Free Desks and Chairs, Anyone?

Filed under
Linux

serverwatch.com: A salesperson walks into your office today and tells you that you have to buy a new, pre-built, expensive desk for every one of your employees. You have to buy a new desk today and replace it every three to five years. You see, you don't really own the desk; you're simply purchasing a license to use the desk.

Opera and Open Source, Insight Into The ‘Turbo’ Technology

Filed under
Software

tuxgeek.me: In this article we get to discuss Opera’s role as an innovator in the browser market as well as find out if Opera will release its code under the GPL and some technical bits about the ‘Turbo’ technology.

Also: New snapshot with automated crash reporting

Five good reasons to switch to Linux

Filed under
Linux

ghacks.net: One of the most oft-asked questions I get is “Why should I switch to Linux?” It comes to me either via inbox or sound waves attacking my aural system every day. So I thought I would bring these answer to the outstanding readers here at gHacks to inspire conversation on the topic.

I Drank The Ubuntu Kool-Aid

Filed under
Ubuntu
  • I Drank The Ubuntu Kool-Aid And It Didn’t Taste Good

  • 10 Useful Ubuntu-related Sites You Should Bookmark
  • ATI Users - Beware of Ubuntu Jaunty
  • Top 5 Apps Not Installed With Ubuntu
  • 5 Features of Ubuntu 9.04 Server Edition
  • Ubuntu 9.04 on the test bench
  • Limited Edition Jaunty Jackalope T-shirts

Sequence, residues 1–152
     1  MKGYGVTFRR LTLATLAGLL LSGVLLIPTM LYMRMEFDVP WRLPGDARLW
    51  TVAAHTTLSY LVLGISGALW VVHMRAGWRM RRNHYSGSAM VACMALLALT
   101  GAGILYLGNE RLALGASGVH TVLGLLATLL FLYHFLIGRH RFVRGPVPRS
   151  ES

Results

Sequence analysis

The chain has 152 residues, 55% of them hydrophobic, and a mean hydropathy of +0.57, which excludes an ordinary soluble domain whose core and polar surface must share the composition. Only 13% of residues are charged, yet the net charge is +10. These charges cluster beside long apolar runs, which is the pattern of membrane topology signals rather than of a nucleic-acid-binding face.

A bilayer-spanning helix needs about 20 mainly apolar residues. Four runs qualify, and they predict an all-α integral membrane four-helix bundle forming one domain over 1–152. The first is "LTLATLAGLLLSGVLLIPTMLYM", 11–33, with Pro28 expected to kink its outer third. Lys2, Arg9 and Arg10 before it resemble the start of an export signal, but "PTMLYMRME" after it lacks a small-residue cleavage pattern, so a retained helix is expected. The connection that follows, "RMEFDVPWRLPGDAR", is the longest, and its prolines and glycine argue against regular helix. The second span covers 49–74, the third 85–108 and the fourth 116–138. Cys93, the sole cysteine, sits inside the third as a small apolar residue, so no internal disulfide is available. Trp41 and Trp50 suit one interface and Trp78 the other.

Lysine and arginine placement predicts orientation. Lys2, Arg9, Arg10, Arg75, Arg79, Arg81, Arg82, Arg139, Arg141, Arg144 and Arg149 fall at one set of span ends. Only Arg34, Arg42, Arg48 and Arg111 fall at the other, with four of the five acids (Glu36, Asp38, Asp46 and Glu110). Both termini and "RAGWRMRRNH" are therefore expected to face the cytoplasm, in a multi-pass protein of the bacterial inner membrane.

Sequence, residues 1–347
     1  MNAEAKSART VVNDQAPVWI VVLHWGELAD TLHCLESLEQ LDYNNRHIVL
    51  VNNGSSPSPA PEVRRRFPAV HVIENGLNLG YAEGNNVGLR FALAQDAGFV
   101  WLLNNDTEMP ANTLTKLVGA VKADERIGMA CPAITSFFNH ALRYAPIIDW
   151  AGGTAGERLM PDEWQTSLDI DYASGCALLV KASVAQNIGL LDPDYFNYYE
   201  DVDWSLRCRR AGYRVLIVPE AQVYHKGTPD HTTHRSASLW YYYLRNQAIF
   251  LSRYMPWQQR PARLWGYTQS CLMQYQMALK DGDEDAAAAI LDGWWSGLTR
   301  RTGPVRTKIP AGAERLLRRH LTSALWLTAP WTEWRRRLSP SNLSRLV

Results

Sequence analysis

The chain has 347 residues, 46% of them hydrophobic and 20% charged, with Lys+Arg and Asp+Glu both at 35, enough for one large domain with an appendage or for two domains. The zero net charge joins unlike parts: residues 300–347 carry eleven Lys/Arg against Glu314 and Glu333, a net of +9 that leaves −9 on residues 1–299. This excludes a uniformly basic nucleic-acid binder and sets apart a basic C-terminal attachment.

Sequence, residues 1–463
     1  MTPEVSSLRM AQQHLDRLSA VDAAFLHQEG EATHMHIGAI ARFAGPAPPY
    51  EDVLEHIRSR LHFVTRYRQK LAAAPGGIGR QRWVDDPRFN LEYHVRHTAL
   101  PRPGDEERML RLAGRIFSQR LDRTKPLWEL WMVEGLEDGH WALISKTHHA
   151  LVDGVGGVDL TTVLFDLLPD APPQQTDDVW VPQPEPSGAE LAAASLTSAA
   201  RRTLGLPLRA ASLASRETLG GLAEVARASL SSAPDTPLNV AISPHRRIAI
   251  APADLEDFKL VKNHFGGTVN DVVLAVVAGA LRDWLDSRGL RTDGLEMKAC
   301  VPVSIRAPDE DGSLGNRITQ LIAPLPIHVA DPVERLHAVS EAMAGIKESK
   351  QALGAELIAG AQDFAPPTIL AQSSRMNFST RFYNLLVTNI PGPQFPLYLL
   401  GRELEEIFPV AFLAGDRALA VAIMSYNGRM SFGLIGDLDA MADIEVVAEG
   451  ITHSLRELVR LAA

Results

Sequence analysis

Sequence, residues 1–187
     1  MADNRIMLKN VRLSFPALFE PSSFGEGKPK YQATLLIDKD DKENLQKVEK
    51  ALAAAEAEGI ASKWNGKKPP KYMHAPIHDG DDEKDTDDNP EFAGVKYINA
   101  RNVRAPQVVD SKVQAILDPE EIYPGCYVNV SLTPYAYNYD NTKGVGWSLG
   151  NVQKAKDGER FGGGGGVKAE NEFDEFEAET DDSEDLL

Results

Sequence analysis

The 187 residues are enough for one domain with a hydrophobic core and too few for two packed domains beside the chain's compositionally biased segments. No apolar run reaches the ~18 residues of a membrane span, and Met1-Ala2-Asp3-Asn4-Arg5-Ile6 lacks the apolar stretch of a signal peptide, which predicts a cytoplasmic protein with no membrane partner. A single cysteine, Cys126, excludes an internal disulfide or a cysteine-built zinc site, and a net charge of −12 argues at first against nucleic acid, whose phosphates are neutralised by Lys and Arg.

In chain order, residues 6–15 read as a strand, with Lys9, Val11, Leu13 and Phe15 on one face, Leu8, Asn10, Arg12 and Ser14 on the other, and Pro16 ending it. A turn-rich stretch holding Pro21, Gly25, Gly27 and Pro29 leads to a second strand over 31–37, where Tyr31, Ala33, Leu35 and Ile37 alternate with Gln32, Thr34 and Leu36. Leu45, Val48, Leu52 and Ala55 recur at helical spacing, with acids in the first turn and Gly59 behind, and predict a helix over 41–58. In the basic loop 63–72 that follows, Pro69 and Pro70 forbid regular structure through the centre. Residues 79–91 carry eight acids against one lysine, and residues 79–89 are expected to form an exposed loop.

• Kubuntu 9.04 Jaunty Jackalope overview and screenshots
  • Is Ubuntu Bigger than Debian now?
  • Has Ubuntu Quietly Caught Up To Windows?

  • Jaunty Jackelop: best Ubuntu yet
  • Ubuntu 9.04: Installs and upgrades reportedly great so far

The argument for free fonts

Filed under
Software

blogs.zdnet.com: Bring up free fonts around typeface designers, and you’ll probably get an earful about the relative quality of free and open source designs against the professionally designed fonts.

First taste: Sugar on a Stick learning platform

Filed under
Linux

arstechnica.com: Sugar Labs has announced the first beta release of Sugar on a Stick, a self-contained Sugar environment that is distributed as a live USB image.

Acer Ubuntu nettop to get quiet storage switch

Filed under
Hardware

reghardware.co.uk: Acer's Nvidia Ion-based micro desktop PC, Revo, will go on sale in the UK on 5 May, with Ubuntu Linux among the available operating systems.

My Linux Personal Lexicon

Filed under
Linux

penguinpetes.com: In the spirit of Douglas Adams' The Meaning of Liff, this is the little list of words I've come up with to describe aspects of Linux life.

Available Now: New Fedora 10 Re-Spins

Filed under
Linux

softpedia.com: The Fedora Unity Project recently announced the immediate availability of a new set of Re-Spins for the Fedora 10 Linux distribution.